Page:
When Donald Sykes finished his seventh month as administrator of Willow Creek Hospital in Arlington, Texas, his employees threw a party to celebrate his "record-breaking" tenure.
Sykes, who was hired in August 1993, was Willow Creek's eighth administrator in five years. His predecessors each lasted fewer than seven months.
"Some people have viewed it as surviving a nuclear holocaust, and wondered, `Do you really want to be the one living in the cave when it's over?"' Sykes said. "It's a tough business."
The doomsday reference is to the psychiatric hospital industry, and, in recent years, Texas has served as an oversized example of the difficulties it has faced nationwide. When the business was booming nationally, it snowballed in Texas. When occupancy at psychiatric hospitals began dipping nationally, the state's facilities were closing.
Just as Texas gave birth to dozens of new psychiatric hospitals in the late 1980s, it became their graveyard in the 1990s.
Rocked by scandal and overbuilding, half the inpatient beds operated by private psychiatric hospitals closed between 1990 and 1995, according to the Texas Hospital Association. From a peak in 1990 of 75 hospitals, the number in the state has fallen to 49. Nationally, the number of facilities fell an estimated 5% to 10% last year alone, industry data indicate.
The average psychiatric hospital lost money from 1990 through 1993, according to the most recent data available from HCIA, a Baltimore-based healthcare information company (See chart, p. 65).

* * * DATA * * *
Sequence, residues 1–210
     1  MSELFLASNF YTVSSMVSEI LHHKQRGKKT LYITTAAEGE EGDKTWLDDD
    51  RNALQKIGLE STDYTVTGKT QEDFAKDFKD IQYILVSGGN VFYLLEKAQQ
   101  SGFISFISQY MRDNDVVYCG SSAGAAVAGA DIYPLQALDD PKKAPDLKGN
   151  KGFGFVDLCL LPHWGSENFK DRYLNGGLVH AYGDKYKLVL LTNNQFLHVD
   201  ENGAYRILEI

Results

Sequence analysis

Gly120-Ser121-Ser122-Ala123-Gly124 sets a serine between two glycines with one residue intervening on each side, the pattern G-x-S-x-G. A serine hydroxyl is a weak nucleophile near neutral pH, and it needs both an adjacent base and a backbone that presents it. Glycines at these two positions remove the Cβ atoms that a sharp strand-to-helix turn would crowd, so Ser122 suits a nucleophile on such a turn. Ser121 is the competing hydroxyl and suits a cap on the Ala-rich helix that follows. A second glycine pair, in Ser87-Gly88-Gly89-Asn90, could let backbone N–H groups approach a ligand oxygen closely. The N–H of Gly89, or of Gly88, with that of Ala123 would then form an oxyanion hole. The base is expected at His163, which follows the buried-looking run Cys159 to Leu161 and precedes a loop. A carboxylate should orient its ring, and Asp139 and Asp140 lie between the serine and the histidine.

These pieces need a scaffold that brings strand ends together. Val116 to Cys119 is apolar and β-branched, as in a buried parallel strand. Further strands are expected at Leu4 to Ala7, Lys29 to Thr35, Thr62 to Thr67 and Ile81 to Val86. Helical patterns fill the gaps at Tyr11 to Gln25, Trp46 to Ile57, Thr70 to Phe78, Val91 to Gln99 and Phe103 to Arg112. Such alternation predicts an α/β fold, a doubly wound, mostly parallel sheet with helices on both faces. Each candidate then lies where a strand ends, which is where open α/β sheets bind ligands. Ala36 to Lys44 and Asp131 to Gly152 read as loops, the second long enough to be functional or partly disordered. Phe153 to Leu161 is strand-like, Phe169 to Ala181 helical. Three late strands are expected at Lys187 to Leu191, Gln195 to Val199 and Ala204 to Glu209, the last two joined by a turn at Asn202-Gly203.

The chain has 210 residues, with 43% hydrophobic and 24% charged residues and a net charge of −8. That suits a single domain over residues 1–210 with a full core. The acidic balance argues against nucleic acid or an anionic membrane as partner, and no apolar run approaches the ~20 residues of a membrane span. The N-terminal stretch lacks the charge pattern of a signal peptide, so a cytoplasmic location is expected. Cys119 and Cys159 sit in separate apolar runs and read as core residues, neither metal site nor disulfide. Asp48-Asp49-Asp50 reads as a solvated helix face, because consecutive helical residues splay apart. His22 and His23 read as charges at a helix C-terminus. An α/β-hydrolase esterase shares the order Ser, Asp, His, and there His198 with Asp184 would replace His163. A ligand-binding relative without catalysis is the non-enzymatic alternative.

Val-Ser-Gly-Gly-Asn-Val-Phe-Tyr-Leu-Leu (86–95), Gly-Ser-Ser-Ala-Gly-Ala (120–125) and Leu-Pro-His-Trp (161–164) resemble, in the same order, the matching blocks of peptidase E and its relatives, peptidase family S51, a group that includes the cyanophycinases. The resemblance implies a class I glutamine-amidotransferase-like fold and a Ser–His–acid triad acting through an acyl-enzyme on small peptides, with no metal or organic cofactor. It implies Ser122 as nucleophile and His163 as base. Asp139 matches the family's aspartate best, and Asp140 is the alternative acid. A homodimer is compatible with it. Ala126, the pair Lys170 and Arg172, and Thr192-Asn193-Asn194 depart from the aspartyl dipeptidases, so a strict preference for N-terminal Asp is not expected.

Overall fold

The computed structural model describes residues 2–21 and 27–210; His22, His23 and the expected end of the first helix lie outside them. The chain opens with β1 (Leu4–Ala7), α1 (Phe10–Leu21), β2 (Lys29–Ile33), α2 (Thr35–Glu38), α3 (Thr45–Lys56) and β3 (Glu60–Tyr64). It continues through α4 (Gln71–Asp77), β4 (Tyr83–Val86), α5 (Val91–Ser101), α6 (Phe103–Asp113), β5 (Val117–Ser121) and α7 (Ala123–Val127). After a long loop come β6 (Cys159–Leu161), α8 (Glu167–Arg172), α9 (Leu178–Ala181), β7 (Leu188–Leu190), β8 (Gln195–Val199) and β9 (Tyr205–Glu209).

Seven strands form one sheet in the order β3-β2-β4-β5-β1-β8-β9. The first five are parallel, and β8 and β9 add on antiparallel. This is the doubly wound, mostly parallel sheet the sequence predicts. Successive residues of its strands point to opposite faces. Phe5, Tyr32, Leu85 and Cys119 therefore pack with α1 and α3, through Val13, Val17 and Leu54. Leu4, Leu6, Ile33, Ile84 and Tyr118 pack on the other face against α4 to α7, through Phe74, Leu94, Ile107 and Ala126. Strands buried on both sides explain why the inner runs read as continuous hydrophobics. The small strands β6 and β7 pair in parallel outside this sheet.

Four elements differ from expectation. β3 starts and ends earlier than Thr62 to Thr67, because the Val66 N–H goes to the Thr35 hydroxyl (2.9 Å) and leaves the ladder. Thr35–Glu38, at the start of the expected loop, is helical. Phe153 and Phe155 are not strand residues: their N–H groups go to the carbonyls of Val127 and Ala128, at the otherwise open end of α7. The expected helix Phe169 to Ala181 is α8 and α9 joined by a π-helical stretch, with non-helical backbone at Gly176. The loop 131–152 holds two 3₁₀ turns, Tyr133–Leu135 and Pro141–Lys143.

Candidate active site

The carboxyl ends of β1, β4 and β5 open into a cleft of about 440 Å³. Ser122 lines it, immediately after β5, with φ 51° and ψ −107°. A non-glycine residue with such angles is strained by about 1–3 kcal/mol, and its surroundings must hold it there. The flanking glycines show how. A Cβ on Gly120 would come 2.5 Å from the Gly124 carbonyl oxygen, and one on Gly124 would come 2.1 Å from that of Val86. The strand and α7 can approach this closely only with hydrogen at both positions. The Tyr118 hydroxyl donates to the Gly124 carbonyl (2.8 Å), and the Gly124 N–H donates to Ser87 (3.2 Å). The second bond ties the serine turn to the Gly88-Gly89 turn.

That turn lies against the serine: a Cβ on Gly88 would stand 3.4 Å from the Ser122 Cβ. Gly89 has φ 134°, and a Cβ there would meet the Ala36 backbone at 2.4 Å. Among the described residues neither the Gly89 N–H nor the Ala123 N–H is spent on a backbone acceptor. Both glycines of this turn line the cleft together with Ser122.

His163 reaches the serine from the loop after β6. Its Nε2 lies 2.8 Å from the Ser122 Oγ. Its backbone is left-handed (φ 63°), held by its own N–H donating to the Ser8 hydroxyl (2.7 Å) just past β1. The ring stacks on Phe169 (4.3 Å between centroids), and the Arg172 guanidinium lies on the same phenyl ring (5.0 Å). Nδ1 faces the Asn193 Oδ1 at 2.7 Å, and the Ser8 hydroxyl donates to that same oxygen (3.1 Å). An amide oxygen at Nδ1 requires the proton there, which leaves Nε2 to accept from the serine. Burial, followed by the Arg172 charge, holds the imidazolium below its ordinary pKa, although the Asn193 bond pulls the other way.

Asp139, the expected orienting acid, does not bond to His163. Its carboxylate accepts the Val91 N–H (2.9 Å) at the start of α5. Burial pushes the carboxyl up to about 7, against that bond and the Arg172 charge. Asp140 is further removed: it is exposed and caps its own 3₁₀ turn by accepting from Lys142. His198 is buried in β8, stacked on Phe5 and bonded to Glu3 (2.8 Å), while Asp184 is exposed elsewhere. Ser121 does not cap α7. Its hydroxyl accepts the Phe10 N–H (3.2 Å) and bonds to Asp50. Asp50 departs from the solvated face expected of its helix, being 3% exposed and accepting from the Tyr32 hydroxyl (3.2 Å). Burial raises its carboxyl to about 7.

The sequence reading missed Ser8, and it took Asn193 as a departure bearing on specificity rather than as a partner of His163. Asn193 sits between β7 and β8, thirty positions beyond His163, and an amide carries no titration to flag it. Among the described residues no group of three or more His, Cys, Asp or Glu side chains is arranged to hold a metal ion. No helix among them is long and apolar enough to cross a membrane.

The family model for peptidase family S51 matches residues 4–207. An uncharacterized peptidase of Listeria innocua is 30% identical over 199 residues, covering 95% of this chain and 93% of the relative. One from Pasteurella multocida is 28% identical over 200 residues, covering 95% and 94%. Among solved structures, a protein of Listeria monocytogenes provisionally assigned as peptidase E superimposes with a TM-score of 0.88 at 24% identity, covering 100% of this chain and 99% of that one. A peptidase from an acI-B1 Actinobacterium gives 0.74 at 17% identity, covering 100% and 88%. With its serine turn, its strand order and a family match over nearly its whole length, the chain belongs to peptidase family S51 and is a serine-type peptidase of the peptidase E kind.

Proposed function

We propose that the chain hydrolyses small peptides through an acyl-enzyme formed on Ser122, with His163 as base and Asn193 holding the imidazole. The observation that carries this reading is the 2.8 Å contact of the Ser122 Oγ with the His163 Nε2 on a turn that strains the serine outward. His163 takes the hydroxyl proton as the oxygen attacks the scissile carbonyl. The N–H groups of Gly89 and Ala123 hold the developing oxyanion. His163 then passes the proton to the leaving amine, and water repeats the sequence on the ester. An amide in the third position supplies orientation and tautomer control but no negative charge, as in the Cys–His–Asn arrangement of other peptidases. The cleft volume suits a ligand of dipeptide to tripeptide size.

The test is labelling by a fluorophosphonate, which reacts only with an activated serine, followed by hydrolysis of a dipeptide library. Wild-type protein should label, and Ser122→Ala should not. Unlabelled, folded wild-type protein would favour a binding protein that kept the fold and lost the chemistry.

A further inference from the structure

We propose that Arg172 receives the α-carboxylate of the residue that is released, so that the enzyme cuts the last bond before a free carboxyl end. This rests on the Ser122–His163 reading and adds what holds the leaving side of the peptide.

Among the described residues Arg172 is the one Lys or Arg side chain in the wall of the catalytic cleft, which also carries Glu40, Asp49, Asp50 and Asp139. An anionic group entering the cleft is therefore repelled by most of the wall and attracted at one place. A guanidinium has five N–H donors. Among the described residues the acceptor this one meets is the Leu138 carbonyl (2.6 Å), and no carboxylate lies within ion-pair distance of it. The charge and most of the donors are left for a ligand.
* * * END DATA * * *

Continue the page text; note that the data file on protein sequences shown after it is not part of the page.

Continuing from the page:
Although the industry's depression continues, those hospitals that have survived are beginning to find their niche. Freestanding psychiatric hospitals are reaching out more to the communities they serve and partnering with others.
And the hospitals have entered the managed-care business but are walking a fine line between contracting and competing with managed behavioral healthcare firms.
"No longer is the hospital the driving force behind the delivery system," said Albert Gale, vice president of operations for the Western division of Sterling Healthcare, a 15-hospital system.
Gale is well-acquainted with the changing environment for psychiatric providers. He used to head the Texas psychiatric division of Hospital Corporation of America. Nashville, Tenn.-based HCA exited the psychiatric business in Texas in 1992 and merged with Columbia Hospital Corp. in February 1994.
Sterling operates a 66-bed hospital in Portland, Ore., as part of a delivery system that also includes three outpatient centers, a 34-bed residential treatment center and a managed-care company. The managed-care component alone provides behavioral healthcare to 26,000 individuals.
Sterling's Portland facility, Pacific Gateway Hospital, is the only remaining freestanding psychiatric hospital in Portland, but it competes with several medical-surgical hospitals that operate psychiatric units.
How does Pacific Gateway market itself against giant managed behavioral-care companies such as Value Behavioral Health and Medco Behavioral Care Corp.? "We bring to the table a full continuum of care. Others have to go out and pick up providers, (which can) create an inefficient system," Gale said.
However, he's quick not to criticize Avon, Conn.-based Value, one of the nation's largest managed-care firms and a Sterling customer. Sterling typically partners with such firms, rather than competing with them, Gale explains.
Psychiatric providers that got into managed care early are glad they did.
"If you tried to get some contracts today, you couldn't. They say we have longstanding relationships. Often, they don't go out for bid," said Joel Rosenhaus, chief executive officer for Charter Medical Corp.'s New England region. Atlanta-based Charter, the nation's largest psychiatric hospital chain, has three hospitals in the region.
One of those hospitals is Charter Brookside Behavioral Health System in Nashua, N.H., which has had a contract with Value since 1990. About 50% of Brookside's revenues are derived through managed-care pacts, he said.